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On the 50th anniversary of Dungeons and Dragons (1974) -- A dark turn in the pop-culture? (Part Nineteen)

By Mark Wegierski
web posted May 20, 2024

Roleplaying Systems (continued):


GURPS (Generic Universal Roleplaying System) CYBERPUNK: High-Tech Low-Life Roleplaying Sourcebook (Austin, TX: Steve Jackson Games, 1990) by Loyd Blankenship (128 b & w pages; color front/backcover; glossary; bibliography -- books and short stories, comic books and graphic novels, movies and television, magazines and electronic newsletters; index)

Despite the somewhat weaker graphics inside, this is in many ways a superlative product.

A prototype of the sourcebook and other Steve Jackson Games property was seized in 1990 by the U.S. Secret Service as part of an "anti-hacker crackdown." Steve Jackson Games was eventually vindicated in court, and gained a lot of publicity for its products. This raid was also one of the catalysts for the formation of the Electronic Frontier Foundation, which defends online freedom of expression.

The sourcebook benefits from its generic nature, it does not have to take place in one specified cyberpunk background. Thus, the sourcebook can experiment with various alternative concepts, and alternative to alternatives, e.g., "Cross-Genre Cyberpunk", for example, occult-horror, or comic-book superheroes, mixed with cyberpunk. In what is probably a typical Steve Jackson GURPS trait, large amounts of information are offered in comparatively short amounts of text, e.g., in one sidebar, "Cyperpunk Soundtracks", there is a list of current music genres that can easily fit into the cyberpunk campaign. For example, New Age music is said to be evocative of floating through cyberspace.

The "Politics" section (pp. 106-109) in "World Design" is outstanding, considering its shortness. Among its clever points is a quick evaluation of the type of future world in terms of how many sovereign powers there exist. The 1-sovereignty model is a world-government, with no competing sovereignties. There are presumably large international armed forces and any local rebellions are quickly stamped out. The 10-sovereignty model presupposes regional blocs that could be in ferocious conflict with each other, or have minor conflicts among the blocs' small client states. The 100-sovereignty model (which resembles our own world) presupposes a number of larger states, and a fair number of smaller entities. The 1,000-sovereignty model could include megacorporations (such as Microsoft) as sovereign entities. It presupposes intense fragmentation of the world – and suggests that once such a course of events takes place, conflicts on the planet would probably become endemic, and it would be difficult to return to larger entities.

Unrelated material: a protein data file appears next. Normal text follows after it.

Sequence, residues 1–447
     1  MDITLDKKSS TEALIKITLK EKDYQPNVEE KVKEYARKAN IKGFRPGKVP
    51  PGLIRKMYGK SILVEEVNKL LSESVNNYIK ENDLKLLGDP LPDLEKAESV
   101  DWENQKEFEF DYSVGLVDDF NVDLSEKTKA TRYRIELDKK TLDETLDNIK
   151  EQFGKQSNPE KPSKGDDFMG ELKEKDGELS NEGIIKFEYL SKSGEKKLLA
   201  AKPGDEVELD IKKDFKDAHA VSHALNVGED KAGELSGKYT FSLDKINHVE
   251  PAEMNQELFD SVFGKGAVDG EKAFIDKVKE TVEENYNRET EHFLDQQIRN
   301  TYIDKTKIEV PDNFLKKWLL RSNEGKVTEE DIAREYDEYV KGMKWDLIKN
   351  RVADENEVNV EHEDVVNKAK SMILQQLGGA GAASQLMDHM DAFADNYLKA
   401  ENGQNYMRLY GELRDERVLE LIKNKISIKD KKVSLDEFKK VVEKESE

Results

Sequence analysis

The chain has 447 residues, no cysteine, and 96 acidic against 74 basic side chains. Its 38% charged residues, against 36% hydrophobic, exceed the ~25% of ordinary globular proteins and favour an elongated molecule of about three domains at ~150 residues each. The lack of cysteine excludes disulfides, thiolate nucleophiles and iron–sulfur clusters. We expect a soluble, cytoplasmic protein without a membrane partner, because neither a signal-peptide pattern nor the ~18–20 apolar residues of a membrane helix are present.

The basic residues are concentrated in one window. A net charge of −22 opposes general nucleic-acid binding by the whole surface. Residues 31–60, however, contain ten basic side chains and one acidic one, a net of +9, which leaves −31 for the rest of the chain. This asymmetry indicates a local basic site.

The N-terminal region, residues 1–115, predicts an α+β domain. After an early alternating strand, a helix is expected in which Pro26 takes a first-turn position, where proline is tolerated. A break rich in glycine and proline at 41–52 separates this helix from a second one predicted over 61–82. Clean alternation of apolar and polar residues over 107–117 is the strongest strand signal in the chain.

The booklet's "Glossary" and "Bibliography" are nice touches. The sourcebook would in many ways be useful to persons interested in the cyberpunk subgenre, as well as in broader futurological-type endeavors. One of the most striking themes is the "unnaturalism" of the cyberpunk future, with all manner of mechanical and electronic interfaces and grotesque interpenetrations of man and machine, as well as the ever-accelerating dying out of nature. Indeed, the booklet's brief look at the future of ecological movements is fairly derisory (suggesting, for example, that ecologists in the future may be reduced to calling to "save the tuna" – rather than to "save the whales") though this may not be surprising, given the dark premise.


The World of TANK GIRL by Bill Olmesdahl and Brian Schomburg (Honesdale, PA: West End Games, 1995) (160 b & w pages; color front/backcover) MASTERBOOK system (worldbook available separately, or sold in boxed edition with MasterBook, 2 MasterDecks, and 2 10-sided dice. (Full-color image on front and back of worldbook is identical to that on the front and back of the box.)

Based on the 1995 movie (numerous stills from the movie are featured), this is an overwhelmingly parodic premise. One supposes that by the 1990s, cynicism had reached the extent where even apocalyptic situations were being played for laughs. Perhaps the real subtext of the setting is the desire to feel oneself free of any and all authority.

Incidentally, the often Australian-based, combined theme of water-shortage and strong women occurs in, among other places, Charles Sheffield's Trader's World (Del Rey/Ballantine Books, 1988) (the "Strine" society). However, Sheffield's work was criticized for being in many ways a throwback to the 1950s, on the ethnocultural axis, as opposed to its decidedly more progressive attitudes in terms of the feminist axis.


MILLENNIUM'S END: GM's Companion (Blacksburg, VA: Chameleon Eclectic Enterntainment - CEE, 1994) by Charles Ryan (144 b & w pages, Lingo, pp. 137-139, Appendix: In-Genre Film, pp. 140-143; color front/backcover).

This is a superbly produced product in support of CEE's Millennium's End dark-tinged, near-future, technothriller roleplaying game. Millennium's End is one of the leading technothriller RPGs.

To be continued. ESR

Mark Wegierski is a Canadian writer and historical researcher.


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